Turning points in Puerto Rican LGBTT

By: Juan C. Torres Escribano

The LGBTT community in Puerto Rico is making many efforts to obtain equal treatment by legal terms. Since the statute that limited marriage to heterosexual couples only, the LGBTT community has been defeated in some battles while in others it emerges victorious.

In Puerto Rico, same sex marriage is currently prohibited by law. The Civil Code states that “marriage is a contract in which a man and a woman mutually agree to be husband and wife,” as signed by former Governor, Pedro Rosselló on March 19 1999. That leaves same – sex couples out of the picture and also they don’t acknowledge same – sex marriage from other jurisdictions.

When same – sex couples decide to adopt, the Civil Code’s article 138 won’t let them. Currently a woman tried to adopt the child that her partner gave birth to by in vitro fertilization and the request was denied due to them being a lesbian couple.

There have been many struggles in the LGBTT community but when they fight for their rights occasionally they win in some cases. One of those cases was when same sex sexual activities were legalized in 2003, finally giving a pleasant win to the LGBTT community. “A decade ago, we were criminals under a sodomy law. Today, we’re second-class citizens,” said Pedro Julio Serrano to the Huffington Post in an interview.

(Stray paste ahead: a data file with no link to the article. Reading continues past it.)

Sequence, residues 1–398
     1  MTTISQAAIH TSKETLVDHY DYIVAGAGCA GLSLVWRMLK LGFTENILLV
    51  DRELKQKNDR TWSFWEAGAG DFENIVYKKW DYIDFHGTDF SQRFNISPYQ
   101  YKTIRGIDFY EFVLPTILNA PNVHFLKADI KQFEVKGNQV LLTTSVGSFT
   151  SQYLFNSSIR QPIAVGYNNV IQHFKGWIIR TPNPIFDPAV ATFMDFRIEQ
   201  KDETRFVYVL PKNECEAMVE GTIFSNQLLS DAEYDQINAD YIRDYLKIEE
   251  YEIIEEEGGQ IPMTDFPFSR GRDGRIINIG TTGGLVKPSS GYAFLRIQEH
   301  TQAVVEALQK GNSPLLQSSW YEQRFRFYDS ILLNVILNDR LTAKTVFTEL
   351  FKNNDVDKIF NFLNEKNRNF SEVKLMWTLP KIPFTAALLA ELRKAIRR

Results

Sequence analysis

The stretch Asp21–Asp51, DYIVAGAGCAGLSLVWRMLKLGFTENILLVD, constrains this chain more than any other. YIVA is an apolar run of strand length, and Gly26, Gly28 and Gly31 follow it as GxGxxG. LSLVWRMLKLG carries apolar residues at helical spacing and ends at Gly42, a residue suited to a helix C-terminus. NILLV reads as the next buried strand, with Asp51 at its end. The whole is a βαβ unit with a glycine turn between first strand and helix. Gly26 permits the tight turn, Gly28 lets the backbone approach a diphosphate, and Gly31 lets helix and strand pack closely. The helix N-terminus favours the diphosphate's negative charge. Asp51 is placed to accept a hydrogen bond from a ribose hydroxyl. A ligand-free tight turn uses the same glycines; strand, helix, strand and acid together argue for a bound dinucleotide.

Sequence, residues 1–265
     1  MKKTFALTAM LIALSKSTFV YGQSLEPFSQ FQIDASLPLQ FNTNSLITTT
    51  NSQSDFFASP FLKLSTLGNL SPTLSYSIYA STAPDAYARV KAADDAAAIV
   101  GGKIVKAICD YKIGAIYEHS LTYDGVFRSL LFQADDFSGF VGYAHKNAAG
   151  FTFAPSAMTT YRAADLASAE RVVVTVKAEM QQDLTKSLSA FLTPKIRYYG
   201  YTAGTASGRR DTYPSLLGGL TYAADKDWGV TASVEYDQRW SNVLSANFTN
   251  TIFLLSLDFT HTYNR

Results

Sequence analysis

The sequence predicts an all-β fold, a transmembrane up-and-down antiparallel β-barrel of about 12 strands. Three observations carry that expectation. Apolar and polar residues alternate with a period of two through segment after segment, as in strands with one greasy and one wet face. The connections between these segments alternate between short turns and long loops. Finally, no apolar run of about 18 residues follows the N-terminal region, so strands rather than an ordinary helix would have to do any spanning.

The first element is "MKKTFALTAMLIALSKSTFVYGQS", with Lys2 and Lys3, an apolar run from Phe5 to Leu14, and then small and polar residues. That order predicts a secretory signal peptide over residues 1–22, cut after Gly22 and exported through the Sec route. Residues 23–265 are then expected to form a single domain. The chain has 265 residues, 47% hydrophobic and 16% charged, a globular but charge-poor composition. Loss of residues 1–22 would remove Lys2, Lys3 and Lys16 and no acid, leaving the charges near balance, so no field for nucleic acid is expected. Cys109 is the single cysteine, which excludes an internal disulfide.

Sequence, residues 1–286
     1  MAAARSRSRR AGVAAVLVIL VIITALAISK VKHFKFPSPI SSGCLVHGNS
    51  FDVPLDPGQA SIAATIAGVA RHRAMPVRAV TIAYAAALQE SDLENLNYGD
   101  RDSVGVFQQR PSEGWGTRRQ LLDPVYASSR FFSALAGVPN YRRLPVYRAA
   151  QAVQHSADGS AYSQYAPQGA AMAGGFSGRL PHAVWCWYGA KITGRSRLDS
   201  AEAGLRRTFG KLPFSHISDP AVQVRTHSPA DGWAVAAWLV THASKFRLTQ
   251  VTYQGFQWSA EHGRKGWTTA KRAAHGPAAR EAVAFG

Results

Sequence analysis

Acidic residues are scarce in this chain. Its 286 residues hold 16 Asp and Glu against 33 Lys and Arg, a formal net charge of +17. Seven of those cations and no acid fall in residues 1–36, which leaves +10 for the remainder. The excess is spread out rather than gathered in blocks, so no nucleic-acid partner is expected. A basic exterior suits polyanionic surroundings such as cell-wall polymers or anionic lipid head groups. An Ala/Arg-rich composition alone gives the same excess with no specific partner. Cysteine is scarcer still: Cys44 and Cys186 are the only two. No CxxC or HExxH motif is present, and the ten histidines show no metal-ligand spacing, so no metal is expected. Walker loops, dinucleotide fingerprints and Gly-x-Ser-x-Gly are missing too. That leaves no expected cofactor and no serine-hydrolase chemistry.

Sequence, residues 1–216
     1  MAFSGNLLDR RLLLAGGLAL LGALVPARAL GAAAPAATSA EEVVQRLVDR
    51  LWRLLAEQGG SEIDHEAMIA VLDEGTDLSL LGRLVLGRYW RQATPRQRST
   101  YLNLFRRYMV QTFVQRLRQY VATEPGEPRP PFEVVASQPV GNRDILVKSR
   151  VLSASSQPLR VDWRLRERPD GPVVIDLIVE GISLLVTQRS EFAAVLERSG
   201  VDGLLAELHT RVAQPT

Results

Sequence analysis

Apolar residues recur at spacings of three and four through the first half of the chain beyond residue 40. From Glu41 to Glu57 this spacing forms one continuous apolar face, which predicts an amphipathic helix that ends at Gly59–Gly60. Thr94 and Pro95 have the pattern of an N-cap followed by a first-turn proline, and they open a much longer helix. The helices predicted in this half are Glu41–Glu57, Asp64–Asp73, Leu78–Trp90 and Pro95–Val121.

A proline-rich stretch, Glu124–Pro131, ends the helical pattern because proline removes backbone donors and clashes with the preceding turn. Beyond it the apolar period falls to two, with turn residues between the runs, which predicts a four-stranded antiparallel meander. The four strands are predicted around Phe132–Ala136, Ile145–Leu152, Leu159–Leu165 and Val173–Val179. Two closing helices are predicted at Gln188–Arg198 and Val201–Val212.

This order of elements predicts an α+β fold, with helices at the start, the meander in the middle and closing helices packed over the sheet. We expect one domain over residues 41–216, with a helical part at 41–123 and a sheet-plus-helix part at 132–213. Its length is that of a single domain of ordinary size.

As discrimination always surges, an anti – discrimination bill was successfully made into a law after Gov. Alejandro García Padilla signed it on May 2013 after being the subject of much controversy. The bill states that any discrimination based on sexual orientation or gender identity in employment, housing, governmental services, public accommodations, and private entities, is completely prohibited.

On 2003 a group called “Puerto Rico para Tod@s” is founded by Pedro Julio Serrano as a nonprofit organization in order to fight for equal rights for the LGBTT community. The purposes of this organization are to teach and educate people about social justice, prejudice and inclusion, and also to advocate for the creation of laws and projects that strengthen the social justice for all the people.

To light up the mood of the LGBTT community, the first Gay Pride parade was held in 1991. This march continues as a tradition in which people from the LGBTT community and whoever wants to participate, gather in a friendly environment in which they enjoy different festivities.

The LGBTT community still has a long way to go. As always history repeats itself but sometimes in another concept. For future generations this fight for equality will look to them like what women rights, racism, and marriage of different ethnicity look like this generation. Only time will tell.

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